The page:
Understanding Psychosis and Schizophrenia – A Valuable, and Free, Online Report

Ron Unger, LCSW
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An individual having unusual difficulties in coping with his environment struggles and kicks up the dust, as it were. I have used the figure of a fish caught on a hook: his gyrations must look peculiar to other fish that don’t understand the circumstances; but his splashes are not his affliction, they are his effort to get rid of his affliction and as every fisherman knows these efforts may succeed.

 — Karl Menninger

 

What would happen if a team of highly qualified psychologists joined up with a team of people who knew psychosis from the inside, from their own journey into madness and then recovery – and if they collaborated in writing a guide to understanding the difficult states that get names like “psychosis” and schizophrenia”?

Well, you don’t have to wonder anymore, because the result was published a couple of days ago in the form of a report that is free to download at Understanding Psychosis and Schizophrenia

A fundamental point made by the report is that “‘psychotic’ experiences are understandable in the same ways as ‘normal’ experiences, and can be approached in the same way.”

I believe this report will be useful to a great many people, because of the way it combines a thorough knowledge of the science with common sense and perspectives drawn from actually listening to people who have had these experiences and then have made sense of them for themselves.  The knowledge in this report will likely both change the perspective of many professionals, as well as be of assistance to many individuals and families who want a deep understanding of the subject that is also  very accessible and easy to read.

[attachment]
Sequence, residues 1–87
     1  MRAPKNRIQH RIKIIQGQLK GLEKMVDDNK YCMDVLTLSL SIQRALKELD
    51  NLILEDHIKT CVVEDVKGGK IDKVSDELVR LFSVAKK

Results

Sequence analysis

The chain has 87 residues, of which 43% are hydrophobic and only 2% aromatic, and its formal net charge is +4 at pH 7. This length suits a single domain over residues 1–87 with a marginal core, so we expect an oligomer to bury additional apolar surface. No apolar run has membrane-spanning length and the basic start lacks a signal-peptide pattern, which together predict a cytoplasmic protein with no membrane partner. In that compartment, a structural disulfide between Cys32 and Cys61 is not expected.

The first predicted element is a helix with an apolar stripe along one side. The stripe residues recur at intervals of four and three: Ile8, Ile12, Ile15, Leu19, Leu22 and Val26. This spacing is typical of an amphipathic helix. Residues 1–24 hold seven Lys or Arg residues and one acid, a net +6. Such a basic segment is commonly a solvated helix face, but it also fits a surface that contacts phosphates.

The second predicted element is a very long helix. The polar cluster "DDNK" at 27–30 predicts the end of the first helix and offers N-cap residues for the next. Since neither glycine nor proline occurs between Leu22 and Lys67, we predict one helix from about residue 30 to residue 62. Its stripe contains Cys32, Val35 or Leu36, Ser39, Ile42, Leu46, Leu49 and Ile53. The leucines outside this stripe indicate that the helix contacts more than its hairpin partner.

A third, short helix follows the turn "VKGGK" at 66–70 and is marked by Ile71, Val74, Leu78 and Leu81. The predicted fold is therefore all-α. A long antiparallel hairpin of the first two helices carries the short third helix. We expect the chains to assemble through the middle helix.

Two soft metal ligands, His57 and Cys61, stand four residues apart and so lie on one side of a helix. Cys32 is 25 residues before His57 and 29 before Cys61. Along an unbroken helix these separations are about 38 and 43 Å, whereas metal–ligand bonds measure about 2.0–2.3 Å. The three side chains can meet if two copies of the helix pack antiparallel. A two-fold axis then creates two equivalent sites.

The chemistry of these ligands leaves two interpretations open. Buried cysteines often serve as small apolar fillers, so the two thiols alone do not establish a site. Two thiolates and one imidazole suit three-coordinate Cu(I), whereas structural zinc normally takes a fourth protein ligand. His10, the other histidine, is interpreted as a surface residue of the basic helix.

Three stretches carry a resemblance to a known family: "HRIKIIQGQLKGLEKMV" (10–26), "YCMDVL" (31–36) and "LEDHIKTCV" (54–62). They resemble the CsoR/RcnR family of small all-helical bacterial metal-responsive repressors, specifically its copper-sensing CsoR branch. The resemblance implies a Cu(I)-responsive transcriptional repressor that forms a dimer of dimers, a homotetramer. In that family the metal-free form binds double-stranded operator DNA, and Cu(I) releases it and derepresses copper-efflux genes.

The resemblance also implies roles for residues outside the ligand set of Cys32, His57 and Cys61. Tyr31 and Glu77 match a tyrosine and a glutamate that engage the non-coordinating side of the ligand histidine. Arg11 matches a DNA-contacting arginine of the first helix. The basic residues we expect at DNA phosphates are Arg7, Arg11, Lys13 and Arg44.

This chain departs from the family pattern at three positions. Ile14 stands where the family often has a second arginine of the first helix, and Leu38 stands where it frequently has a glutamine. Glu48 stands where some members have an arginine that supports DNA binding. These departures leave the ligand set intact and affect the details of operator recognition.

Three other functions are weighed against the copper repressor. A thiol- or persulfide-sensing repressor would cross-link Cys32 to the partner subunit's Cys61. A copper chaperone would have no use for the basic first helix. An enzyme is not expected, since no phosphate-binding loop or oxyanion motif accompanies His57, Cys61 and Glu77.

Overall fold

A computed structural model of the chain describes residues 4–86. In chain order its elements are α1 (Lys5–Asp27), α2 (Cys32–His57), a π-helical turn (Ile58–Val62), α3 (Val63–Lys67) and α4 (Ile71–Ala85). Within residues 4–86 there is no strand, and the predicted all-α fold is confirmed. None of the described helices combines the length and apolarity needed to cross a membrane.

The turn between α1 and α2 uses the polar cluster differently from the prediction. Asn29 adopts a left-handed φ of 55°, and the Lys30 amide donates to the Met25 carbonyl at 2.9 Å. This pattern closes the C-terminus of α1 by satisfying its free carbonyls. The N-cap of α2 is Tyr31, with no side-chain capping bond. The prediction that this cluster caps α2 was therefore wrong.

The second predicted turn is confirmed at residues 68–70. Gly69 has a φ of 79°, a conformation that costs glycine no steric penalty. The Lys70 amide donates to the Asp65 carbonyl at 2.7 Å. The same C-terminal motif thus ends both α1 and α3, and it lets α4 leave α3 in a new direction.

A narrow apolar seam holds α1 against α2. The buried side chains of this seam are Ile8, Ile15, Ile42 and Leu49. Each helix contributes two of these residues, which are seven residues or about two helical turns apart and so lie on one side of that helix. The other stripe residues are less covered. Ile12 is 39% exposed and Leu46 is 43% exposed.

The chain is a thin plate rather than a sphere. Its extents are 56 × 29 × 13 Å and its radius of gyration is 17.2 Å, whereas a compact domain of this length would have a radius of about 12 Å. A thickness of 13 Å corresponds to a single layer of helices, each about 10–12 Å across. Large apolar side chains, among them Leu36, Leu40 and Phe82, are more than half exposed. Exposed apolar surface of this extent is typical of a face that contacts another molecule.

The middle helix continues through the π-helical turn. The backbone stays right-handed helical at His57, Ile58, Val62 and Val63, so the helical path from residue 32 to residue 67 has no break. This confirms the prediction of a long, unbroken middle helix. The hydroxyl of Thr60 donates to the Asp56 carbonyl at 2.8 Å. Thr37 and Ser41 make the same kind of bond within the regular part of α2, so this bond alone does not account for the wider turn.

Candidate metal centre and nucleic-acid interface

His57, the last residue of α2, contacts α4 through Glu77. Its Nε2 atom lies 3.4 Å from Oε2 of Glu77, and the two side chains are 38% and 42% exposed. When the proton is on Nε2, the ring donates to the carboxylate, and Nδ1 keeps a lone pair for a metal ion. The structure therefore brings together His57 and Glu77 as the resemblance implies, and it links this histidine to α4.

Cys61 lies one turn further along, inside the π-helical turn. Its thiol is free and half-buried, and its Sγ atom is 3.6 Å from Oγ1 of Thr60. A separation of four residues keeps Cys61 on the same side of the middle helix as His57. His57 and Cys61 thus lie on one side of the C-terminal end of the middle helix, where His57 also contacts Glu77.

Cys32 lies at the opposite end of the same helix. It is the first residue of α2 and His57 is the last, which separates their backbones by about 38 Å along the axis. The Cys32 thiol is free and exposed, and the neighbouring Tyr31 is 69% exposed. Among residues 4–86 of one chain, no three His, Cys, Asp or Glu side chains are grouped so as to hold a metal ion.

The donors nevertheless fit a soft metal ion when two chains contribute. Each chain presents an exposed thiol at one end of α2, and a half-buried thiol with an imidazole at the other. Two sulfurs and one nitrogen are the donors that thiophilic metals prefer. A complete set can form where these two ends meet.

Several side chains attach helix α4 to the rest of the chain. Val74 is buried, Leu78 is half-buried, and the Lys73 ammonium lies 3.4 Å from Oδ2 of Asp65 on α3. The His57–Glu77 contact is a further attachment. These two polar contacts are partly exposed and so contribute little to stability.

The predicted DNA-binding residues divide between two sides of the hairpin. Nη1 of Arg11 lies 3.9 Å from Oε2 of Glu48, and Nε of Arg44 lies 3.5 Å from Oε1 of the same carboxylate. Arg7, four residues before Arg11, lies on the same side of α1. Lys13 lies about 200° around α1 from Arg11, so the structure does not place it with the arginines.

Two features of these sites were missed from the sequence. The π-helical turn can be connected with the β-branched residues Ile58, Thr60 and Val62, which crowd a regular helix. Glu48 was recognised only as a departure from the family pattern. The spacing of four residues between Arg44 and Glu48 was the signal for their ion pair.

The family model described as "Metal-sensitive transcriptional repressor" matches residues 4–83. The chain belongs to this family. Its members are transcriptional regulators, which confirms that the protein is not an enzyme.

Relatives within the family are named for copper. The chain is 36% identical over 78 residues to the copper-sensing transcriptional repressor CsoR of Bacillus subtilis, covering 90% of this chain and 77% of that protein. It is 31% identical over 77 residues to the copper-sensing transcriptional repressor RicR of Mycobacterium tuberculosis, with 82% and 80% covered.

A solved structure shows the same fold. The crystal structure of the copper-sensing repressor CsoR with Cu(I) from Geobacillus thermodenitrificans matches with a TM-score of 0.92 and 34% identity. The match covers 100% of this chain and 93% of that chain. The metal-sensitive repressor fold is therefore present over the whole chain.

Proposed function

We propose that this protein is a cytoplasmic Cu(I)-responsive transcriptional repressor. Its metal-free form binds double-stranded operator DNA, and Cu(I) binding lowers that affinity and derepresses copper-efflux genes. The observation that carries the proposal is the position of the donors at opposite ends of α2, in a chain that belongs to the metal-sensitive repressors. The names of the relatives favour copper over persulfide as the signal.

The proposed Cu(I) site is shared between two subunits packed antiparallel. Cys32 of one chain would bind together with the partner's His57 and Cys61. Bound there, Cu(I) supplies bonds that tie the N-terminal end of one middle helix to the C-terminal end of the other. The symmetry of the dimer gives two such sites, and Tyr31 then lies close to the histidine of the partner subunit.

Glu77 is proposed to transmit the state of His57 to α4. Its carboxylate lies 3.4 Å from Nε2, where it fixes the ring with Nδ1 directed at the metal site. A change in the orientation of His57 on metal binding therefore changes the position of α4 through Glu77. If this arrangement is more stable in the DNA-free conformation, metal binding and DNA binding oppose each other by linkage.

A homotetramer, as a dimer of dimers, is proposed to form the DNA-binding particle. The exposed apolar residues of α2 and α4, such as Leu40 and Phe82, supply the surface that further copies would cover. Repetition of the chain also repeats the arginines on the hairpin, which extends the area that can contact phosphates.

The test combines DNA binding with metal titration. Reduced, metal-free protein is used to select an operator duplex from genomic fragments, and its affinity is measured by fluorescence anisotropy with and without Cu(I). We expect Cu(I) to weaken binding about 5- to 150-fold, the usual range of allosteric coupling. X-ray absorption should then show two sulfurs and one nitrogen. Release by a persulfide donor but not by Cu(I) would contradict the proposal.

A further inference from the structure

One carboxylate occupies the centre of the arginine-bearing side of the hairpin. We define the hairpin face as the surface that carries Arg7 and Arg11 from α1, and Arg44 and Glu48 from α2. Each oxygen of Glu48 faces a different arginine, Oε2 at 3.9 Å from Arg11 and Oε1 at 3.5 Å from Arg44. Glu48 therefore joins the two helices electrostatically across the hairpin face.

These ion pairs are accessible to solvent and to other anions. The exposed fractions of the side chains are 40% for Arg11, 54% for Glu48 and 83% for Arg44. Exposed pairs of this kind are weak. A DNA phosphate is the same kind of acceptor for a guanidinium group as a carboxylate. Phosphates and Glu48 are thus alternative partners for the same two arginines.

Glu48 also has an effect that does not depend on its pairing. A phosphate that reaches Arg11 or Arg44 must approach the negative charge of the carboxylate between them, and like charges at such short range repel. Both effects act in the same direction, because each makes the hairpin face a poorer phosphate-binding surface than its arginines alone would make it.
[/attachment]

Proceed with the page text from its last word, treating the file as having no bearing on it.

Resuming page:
It includes  a list of resources at the end which many people may also find helpful.

Jacqui Dillon, Chair of the UK Hearing Voices Network, was quoted as saying:

This report is an example of the amazing things that are possible when professionals and people with personal experience work together. Both the report’s content and the collaborative process by which it has been written are wonderful examples of the importance and power of moving beyond ‘them and us’ thinking in mental health.

I fully agree.

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"Understanding Psychosis and Schizophrenia: Why people sometimes hear voices, believe things that others find strange, or appear out of touch with reality, and what can help."
Understanding Psychosis and Schizophrenia: Why people sometimes hear voices, believe things that others find strange, or appear out of touch with reality, and what can help.”

Contributors:

Thurstine Basset
Professor Richard Bentall
Professor Mary Boyle
Anne Cooke (co-ordinating editor)
Caroline Cupitt
Jacqui Dillon
Professor Daniel Freeman
Professor Philippa Garety
Dr David Harper
Dr Lucy Johnstone
Professor Peter Kinderman
Professor Elizabeth Kuipers
Professor Tony Lavender
Laura Lea
Dr Eleanor Longden
Dr Rufus May
Professor Tony Morrison
Dr Sara Meddings
Professor Steve Onyett
Dr Emmanuelle Peters
Professor David Pilgrim
Professor John Read
Professor Mike Slade
Yan Weaver
Professor Til Wykes

5 COMMENTS

  1. Thank you Ron! I just glanced through the report and will find time to read it thoroughly.

    So far, it seems to really capture the unique complexities of people’s experiences, what helps, what hurts and the need to rethink the current biological model of mental health differences…

    Thanks for sharing with us!

  2. Good.

    There are two distinct phenomena: ‘psychosis’ the political, bureaucratic, institutional label, and the poorly-charted altered states of mind that exist in the wild. It’s a rigid dichotomy that runs along the (also very rigid) walls of the psych ward. While recognizing that there is an overlap, let’s not conflate these things.